J.P. Howell retired the first two batters in the bottom of the ninth. Then, Kevin Youkilis hit a grounder to Rays third baseman Evan Longoria, who fired the ball into the stands, allowing Youkilis to advance to second. The error proved costly as two batters later, Drew hit a game-winning single over the head of right fielder Gabe Gross to win the game.

The Red Sox lost the series in seven games to the upstart Rays, but the reminiscences of the Game 5 rally will be engraved in Sox fans hearts forever.

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2. 2002 NBA Eastern Conference Finals Game 3- Boston Celtics Defeat New Jersey Nets 94-90

Greg M. Cooper- USA TODAY Sports

The Boston Celtics entered the fourth quarter of Game 3 of the Eastern Conference Finals down 74-53 to the New Jersey Nets in front of their home crowd. The TD Garden, known as the “Fleet Center” at the time, was stunned at how badly the Celtics were being humiliated, on their own court nonetheless. A distraught Paul Pierce even saw Nets’ reserves laughing at his team on the bench. Before the quarter started, Antoine Walker got up in Pierce’s face during the huddle to motivate him and to tell him to stop feeling sorry for himself. Pierce, the Celtics’ Captain and best player, missed 12 of his 14 shots through the first three quarters.

Pierce seemed like a new player in the fourth quarter, driving to the rim recklessly as he scored with ease in the paint via nifty layups. Pierce scored three baskets from inside during an 11-0 run that got the crowd back into the game and cut the Nets' lead to 74-64. Celtics forward Rodney Rodgers connected on a pair of free throws with 3:12 remaining to cut the deficit to 88-82. Later, Pierce trimmed the lead to three, 90-87, after driving in for his sixth layup of the quarter. After Nets guard Kerry Kittles missed a 3-pointer, Pierce was fouled going to the basket with 46 seconds left. He made both shots, giving the Celtics their first lead since 1-0. With the C's now leading 91-90, Kittles had the ball swiped away by Celtics guard Kenny Anderson, who scooped up the loose ball and finished the layup.

The Celtics won 94-90 putting the crowd at the Fleet Center into a frenzy. New Jersey shot 4-for-22 with six turnovers in the final 12 minutes, while Boston was 11-for-19 from the field and 18-for-21 from the line. Pierce cemented himself as a Celtic legend in this incredulous comeback, scoring 19 of his 28 points in the fourth quarter as the Celtics rallied from what was a 27 point deficit in the third quarter to win and complete the greatest comeback in NBA playoff history.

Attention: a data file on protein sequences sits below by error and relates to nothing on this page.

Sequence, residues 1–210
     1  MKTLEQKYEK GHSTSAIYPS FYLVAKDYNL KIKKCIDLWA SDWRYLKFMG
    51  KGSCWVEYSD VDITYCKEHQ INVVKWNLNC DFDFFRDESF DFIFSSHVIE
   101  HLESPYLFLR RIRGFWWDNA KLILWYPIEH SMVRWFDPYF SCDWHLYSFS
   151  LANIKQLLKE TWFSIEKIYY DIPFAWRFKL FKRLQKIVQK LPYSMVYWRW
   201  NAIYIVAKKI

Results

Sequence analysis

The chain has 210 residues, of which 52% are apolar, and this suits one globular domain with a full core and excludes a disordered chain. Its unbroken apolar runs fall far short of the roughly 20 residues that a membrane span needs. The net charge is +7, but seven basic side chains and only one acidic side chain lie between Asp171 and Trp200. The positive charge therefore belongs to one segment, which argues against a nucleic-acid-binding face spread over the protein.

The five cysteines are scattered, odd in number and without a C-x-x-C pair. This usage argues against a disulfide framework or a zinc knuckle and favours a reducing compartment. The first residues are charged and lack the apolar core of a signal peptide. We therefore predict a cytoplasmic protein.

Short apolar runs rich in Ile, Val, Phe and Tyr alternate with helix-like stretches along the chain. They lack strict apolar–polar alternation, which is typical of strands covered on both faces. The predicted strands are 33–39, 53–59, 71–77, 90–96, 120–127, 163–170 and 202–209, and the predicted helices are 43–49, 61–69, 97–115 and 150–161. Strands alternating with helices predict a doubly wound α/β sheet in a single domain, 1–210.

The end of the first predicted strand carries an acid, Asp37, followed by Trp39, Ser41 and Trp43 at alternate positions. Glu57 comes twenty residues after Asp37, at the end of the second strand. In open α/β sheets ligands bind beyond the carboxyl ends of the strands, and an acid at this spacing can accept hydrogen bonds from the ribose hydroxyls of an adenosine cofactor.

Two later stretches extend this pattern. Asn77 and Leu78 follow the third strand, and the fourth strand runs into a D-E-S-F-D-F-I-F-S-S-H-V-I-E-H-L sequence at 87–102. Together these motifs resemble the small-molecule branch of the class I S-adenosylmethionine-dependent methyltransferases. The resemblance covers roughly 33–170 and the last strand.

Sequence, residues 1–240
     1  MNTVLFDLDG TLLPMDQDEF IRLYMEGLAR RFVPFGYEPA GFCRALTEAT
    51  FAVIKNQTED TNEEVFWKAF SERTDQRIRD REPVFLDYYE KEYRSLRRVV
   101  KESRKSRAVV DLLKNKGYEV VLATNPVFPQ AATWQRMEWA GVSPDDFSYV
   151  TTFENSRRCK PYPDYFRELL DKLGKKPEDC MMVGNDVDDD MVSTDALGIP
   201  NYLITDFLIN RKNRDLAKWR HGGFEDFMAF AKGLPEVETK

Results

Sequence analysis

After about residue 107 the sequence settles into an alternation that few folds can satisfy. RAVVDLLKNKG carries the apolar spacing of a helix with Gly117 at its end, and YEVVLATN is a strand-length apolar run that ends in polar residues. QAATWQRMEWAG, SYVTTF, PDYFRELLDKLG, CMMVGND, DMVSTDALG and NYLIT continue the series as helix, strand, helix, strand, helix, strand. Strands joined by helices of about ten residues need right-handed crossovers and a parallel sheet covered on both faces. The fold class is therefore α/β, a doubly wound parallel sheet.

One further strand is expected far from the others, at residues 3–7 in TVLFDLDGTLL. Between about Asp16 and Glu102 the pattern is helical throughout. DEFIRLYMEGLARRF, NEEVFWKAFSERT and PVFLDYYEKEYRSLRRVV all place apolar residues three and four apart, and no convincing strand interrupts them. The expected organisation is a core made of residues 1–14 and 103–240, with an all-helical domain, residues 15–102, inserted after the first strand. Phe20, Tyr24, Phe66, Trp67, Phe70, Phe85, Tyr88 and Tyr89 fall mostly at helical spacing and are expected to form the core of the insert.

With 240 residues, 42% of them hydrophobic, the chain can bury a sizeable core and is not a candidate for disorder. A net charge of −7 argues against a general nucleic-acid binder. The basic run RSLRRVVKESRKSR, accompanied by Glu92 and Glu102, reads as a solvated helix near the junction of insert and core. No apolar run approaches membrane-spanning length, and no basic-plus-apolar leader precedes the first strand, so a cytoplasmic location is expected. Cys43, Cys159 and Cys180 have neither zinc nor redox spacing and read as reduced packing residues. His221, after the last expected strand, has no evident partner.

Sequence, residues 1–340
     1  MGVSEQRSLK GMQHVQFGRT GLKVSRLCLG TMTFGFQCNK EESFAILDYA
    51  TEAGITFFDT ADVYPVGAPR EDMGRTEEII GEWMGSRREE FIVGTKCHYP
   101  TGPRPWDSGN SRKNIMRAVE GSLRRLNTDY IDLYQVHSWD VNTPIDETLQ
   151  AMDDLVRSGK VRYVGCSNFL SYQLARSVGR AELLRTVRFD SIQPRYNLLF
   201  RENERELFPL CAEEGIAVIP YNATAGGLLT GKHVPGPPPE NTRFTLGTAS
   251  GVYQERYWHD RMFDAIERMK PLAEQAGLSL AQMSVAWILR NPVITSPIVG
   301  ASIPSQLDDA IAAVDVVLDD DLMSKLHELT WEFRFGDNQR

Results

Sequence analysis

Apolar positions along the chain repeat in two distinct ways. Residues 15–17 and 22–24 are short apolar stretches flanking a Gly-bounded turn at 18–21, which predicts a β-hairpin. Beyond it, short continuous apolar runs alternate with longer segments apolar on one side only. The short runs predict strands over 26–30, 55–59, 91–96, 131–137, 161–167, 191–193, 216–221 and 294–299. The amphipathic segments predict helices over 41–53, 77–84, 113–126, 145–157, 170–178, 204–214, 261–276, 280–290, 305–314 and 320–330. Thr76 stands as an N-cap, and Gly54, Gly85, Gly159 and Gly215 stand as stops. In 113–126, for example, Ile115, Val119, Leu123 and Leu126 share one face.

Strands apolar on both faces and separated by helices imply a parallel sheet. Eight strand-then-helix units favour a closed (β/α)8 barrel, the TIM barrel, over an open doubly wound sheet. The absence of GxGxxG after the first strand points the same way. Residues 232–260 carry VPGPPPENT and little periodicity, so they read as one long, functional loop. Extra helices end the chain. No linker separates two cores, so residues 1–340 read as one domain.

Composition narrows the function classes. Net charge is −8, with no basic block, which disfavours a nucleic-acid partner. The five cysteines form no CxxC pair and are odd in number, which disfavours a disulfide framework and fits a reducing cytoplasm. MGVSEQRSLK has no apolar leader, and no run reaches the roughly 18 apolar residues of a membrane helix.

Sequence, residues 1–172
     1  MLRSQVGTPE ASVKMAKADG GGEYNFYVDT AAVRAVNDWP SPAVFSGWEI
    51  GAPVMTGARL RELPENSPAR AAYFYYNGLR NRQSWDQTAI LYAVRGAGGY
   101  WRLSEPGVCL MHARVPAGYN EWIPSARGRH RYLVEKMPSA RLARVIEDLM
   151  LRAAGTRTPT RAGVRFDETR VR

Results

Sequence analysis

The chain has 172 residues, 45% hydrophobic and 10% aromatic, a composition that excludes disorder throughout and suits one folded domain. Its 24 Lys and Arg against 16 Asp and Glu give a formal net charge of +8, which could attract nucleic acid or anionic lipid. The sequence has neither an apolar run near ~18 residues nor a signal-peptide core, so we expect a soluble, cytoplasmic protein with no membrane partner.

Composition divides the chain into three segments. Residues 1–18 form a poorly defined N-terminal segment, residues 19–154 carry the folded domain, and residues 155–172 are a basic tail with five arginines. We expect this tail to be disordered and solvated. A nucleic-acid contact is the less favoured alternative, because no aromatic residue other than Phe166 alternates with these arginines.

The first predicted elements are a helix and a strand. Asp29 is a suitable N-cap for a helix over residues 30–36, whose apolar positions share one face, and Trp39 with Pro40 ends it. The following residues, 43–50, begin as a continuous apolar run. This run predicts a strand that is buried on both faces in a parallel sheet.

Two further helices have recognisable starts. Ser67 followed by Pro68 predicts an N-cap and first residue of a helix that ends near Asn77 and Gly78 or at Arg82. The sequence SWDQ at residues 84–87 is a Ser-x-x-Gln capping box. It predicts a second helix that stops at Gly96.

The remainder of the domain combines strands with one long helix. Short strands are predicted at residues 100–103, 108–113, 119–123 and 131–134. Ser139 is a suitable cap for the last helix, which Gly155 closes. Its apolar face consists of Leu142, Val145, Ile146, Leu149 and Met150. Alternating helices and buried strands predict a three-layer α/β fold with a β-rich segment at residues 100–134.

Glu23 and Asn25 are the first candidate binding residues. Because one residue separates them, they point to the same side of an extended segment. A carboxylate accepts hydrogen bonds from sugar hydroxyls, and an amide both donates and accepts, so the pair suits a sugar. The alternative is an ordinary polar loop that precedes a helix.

The Celtics lost the series 4-2, but no one will ever forget the memories of that faithful day at the Fleet Center.

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1. 2008 NBA Finals Game 4- Boston Celtics Defeat Los Angeles Lakers 97-91

Brian Spurlock- USA TODAY Sports

Thought “The Truth” and the Celtics could complete only one unbelievable comeback? Think again! Flash-forward six seasons and the Celtics, led by the “Big Three” of Pierce, Kevin Garnett and Rajon Rondo, were up two games to one in the NBA Finals against their arch rival, the Los Angeles Lakers. The Lakers entered the game with an extreme sense of urgency and pounded the C’s in the first quarter, jumping out to a 35-14 lead, the largest first-quarter lead in NBA Finals history. The Celtics appeared doomed as they trailed by 18 points at halftime. By the midway point of the third quarter, the Lakers had increased their lead to 24 over the Celtics.

The Celtics decided to insert “Instant Offense” Eddie House into the game at this point. House knocked down two three-pointers amid a dominating 21-3 Celtics run to end the third quarter. The Celtics had seized the momentum in the game, down by just two, 73-71, to start the final quarter. Eddie House gave the Celtics their first lead of the game with an 18-foot jumper with 4:07 remaining. The Celtics led by two with under two minutes in regulation when James Posey knocked down the dagger, a three-pointer from the corner that gave Boston a 92-87 lead. The Celtics bench outscored the Lakers bench 35–15, 29 of those points coming from House and James Posey. Ray Allen scored 19, Kevin Garnett posted 16 points and corralled 11 rebounds, while Pierce added a game-high 20 points of his own in the unfathomable comeback.

The Celtics' victory in Game 4 was the largest comeback in an NBA Finals game since 1971. The Celtics won Game 4 and eventually beat the Lakers in six games to win their first NBA Championship in 22 years, as the franchise won its NBA-best 17th title, a season after finishing with the second-worst record in the league.